History of the Glenview Art League
IT ALL BEGAN WITH AN ART FAIR (OR TWO) In the beginning, no one said “Let’s found an art league”. Instead, they said “Let’s put on an art show”. The year was 1954 and the location was Linneman Street. Paintings were hung on chicken wire which was strung between trees along the parkway and across driveways. That same year, Lyon School held a book fair. The principal, Ludwig Bodzewski, was a former art teacher, and he invited artists to show their work at the fair. The next art fair of which we have record was in 1955, and was held at the Patio Shops. Forty artists participated. By this time, an organization had come together under the name “Glenview-Northbrook Area Art Society”. Other names followed. Since 1978 the name has been Glenview Art League. In 1957, at the suggestion of Mr. Bodzewski, the fair moved to the spacious grounds of Lyon School. As of 2013 it has been held there every year since with a few exceptions: –In 1959 the fair was not held –In 1967 due to construction the fair was held in Jackman park. –In 1994, again due to construction, the fair was held on River Drive. Along the way there have been a few changes, such as: –Holding the fair for two days instead of one (1960). –Increasing the registration fee. (In 1961 it was two dollars). –A “Glenview’s Own” booth where a painting or two can be hung without registering (started in 1968). –Tent sharing (started in 2013).
MONTHLY MEETINGS One of the earliest activities was the monthly membership meetings. For years these meetings were held in the Maynard room of the old library. Other locations have included the Rugen Center, the Park Center, Attea School, and Westbrook School. Most meetings feature a live demonstration by an accomplished artist . In 1968 art films were shown. There have been some well known names. Among them were Charles Vickery, Irving Shapiro, Ted Smuskiewicz, Tom Lynch, and Winfred Godfrey. A 99 year old artist painted with colored scraps of paper. Another artist did a painting that changed from a day scene to a night scene, thanks to ultraviolet light. Watercolor is a popular demo topic. By 1994 a large overhead mirror had been built. As of 2015, we are still using it. THE BUILDING FUND In 1969 a building fund was established. The proposed building would have workshops, a meeting place, and a gallery. The art league had become affiliated with the park district in 1968, and the park district agreed to maintain the building if we would build it. As years went by, the fund grew. There were auctions, raffles, and solicitations. Meanwhile, the cost of building was increasing. Each time a goal was reached, a new goal was needed. Then in 1978 School District 34 closed Rugen School. The idea of owning a building was dropped. Some of the money raised was used to furnish an art room in the vacated school. Other money was used for scholarships. Also in 1978 the park district issued a new policy regarding money, causing the art league to again become independent. Although we do not have a building we do have an office, which we started renting in 2004. +third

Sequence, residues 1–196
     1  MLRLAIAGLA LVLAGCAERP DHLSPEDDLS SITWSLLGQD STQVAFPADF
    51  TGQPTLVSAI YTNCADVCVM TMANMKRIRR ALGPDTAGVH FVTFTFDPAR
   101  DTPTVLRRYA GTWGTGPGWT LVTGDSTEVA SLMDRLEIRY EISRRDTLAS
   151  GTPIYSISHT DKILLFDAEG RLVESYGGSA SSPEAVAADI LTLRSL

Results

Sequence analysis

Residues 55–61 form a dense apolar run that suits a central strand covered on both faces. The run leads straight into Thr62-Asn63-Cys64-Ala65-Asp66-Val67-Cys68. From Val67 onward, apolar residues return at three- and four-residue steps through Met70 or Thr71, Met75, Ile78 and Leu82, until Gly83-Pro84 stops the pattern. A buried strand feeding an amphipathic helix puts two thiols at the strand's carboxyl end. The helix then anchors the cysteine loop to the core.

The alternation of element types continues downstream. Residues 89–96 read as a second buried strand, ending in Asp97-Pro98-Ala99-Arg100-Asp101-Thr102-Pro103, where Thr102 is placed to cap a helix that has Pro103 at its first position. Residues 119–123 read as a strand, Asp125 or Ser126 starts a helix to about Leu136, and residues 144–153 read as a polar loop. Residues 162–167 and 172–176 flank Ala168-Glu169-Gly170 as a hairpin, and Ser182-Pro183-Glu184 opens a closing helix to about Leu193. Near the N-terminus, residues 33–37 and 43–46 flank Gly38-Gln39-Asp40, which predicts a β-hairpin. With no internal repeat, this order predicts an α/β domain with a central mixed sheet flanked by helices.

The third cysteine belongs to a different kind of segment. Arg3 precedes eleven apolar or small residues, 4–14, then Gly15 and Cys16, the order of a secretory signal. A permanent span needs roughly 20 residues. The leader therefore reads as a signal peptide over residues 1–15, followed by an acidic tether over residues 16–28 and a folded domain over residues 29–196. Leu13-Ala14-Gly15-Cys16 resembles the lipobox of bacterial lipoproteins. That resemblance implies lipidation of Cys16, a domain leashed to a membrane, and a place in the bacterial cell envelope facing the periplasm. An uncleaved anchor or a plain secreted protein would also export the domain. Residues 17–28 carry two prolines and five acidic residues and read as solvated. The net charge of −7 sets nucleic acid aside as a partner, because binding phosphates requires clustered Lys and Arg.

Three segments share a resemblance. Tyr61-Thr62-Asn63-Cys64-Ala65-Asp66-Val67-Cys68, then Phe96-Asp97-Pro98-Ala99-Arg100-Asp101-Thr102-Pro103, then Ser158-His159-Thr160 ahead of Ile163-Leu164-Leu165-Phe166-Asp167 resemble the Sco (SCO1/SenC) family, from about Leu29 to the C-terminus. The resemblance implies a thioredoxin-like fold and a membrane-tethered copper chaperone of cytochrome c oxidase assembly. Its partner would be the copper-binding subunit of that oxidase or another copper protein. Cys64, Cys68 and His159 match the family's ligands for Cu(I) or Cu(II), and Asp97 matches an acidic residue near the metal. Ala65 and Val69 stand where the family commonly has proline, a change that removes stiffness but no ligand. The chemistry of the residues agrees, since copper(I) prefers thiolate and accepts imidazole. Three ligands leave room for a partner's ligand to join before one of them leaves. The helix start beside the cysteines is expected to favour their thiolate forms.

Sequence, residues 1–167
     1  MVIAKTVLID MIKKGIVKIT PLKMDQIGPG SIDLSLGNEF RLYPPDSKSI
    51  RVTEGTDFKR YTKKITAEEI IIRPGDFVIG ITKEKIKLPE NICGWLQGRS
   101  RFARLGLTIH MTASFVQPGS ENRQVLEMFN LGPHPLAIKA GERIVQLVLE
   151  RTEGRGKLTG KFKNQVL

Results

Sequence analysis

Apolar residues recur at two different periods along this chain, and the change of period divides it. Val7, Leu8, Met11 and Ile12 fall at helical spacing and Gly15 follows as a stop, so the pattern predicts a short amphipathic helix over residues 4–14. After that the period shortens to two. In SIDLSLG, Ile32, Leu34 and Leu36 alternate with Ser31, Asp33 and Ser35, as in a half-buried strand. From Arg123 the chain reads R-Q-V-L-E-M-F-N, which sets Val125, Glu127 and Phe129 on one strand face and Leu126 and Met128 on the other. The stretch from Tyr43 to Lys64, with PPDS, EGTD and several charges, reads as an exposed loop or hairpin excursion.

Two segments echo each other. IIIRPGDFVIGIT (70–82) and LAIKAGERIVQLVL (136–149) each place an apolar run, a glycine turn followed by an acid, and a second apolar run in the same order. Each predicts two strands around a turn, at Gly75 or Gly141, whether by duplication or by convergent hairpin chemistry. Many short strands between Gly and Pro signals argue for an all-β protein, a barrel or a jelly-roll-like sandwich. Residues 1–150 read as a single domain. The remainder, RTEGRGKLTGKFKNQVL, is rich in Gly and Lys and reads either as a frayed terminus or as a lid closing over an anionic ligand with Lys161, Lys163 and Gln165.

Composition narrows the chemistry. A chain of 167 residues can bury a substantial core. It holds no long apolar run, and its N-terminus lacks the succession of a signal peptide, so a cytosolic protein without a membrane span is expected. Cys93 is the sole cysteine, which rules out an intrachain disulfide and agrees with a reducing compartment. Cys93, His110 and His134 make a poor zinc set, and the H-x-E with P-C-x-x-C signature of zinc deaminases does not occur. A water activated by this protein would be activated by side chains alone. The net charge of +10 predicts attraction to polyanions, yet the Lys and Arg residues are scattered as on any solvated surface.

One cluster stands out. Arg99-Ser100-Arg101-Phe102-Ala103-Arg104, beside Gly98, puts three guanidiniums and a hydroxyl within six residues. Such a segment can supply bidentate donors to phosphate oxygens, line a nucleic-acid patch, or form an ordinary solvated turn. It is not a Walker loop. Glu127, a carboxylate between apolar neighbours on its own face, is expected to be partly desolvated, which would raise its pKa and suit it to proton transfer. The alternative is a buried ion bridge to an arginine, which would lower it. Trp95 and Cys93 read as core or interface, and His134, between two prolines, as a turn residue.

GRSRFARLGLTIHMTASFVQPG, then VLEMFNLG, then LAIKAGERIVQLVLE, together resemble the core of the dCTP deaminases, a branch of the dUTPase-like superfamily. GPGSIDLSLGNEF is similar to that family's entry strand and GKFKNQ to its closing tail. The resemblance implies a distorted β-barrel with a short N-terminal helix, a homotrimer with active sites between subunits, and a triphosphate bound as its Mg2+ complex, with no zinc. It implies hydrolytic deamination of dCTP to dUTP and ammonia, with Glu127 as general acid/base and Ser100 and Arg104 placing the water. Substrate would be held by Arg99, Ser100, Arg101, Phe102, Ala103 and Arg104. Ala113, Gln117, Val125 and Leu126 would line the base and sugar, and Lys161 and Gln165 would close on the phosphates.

Take a walk through our History Gallery
THE YOUTH ART FAIR At a 1988 board meeting Gopal Prachand proposed a Youth Art Fair. There had been one in the village he came from in India. Why wouldn’t it work here? The board agreed, and the fair was scheduled for November. But November crept up rather quickly and we were not ready, so the first Youth Art Fair was held the following February. It was an immediate success, and as of 2013 has been held every year since except 1990. The first location was the club room at Rugen School. By 1993 that location had been outgrown. From 1993 thru 2009 the fair was held at Glenbrook South HS with the exception of 2002 and 2003 when it was held at Pendleton Hall. Starting in 2010 it has been at Attea School. Over the years the fair has grown. A record was set in 2012 when over three hundred artists participated.
OTHER ACTIVITIES Here is a brief list of some other activities: –Venues for members to display their work in public places. –Members only shows. One of these was held at Maine North in 1973. –Weekend workshops. –Outdoor painting sessions. –A craft show. –A centennial art show (1999) in commemoration of the Glenview Centennial. –A unit in the Fourth of July Parade (2003). For this event giant brushes were constructed.
–A Short History of the Glenview Art League (ISBN 0-9613031-1-5) was written by the late Robert Sherman. It is currently out of print.
As a 501c3 tax-exempt organization, annual financial reports are available upon request.